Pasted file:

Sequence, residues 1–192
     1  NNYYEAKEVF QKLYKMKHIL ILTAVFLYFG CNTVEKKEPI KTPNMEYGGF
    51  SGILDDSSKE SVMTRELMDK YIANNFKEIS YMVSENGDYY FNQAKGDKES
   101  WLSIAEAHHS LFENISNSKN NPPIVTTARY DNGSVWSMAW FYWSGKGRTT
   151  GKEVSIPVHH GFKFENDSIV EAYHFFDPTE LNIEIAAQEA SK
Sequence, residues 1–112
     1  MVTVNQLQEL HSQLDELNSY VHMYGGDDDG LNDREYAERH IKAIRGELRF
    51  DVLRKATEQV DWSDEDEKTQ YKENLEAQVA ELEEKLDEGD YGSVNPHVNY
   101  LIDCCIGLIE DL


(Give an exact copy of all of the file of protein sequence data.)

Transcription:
Sequence, residues 1–192
     1  NNYYEAKEVF QKLYKMKHIL ILTAVFLYFG CNTVEKKEPI KTPNMEYGGF
    51  SGILDDSSKE SVMTRELMDK YIANNFKEIS YMVSENGDYY FNQAKGDKES
   101  WLSIAEAHHS LFENISNSKN NPPIVTTARY DNGSVWSMAW FYWSGKGRTT
   151  GKEVSIPVHH GFKFENDSIV EAYHFFDPTE LNIEIAAQEA SK
Sequence, residues 1–112
     1  MVTVNQLQEL HSQLDELNSY VHMYGGDDDG LNDREYAERH IKAIRGELRF
    51  DVLRKATEQV DWSDEDEKTQ YKENLEAQVA ELEEKLDEGD YGSVNPHVNY
   101  LIDCCIGLIE DL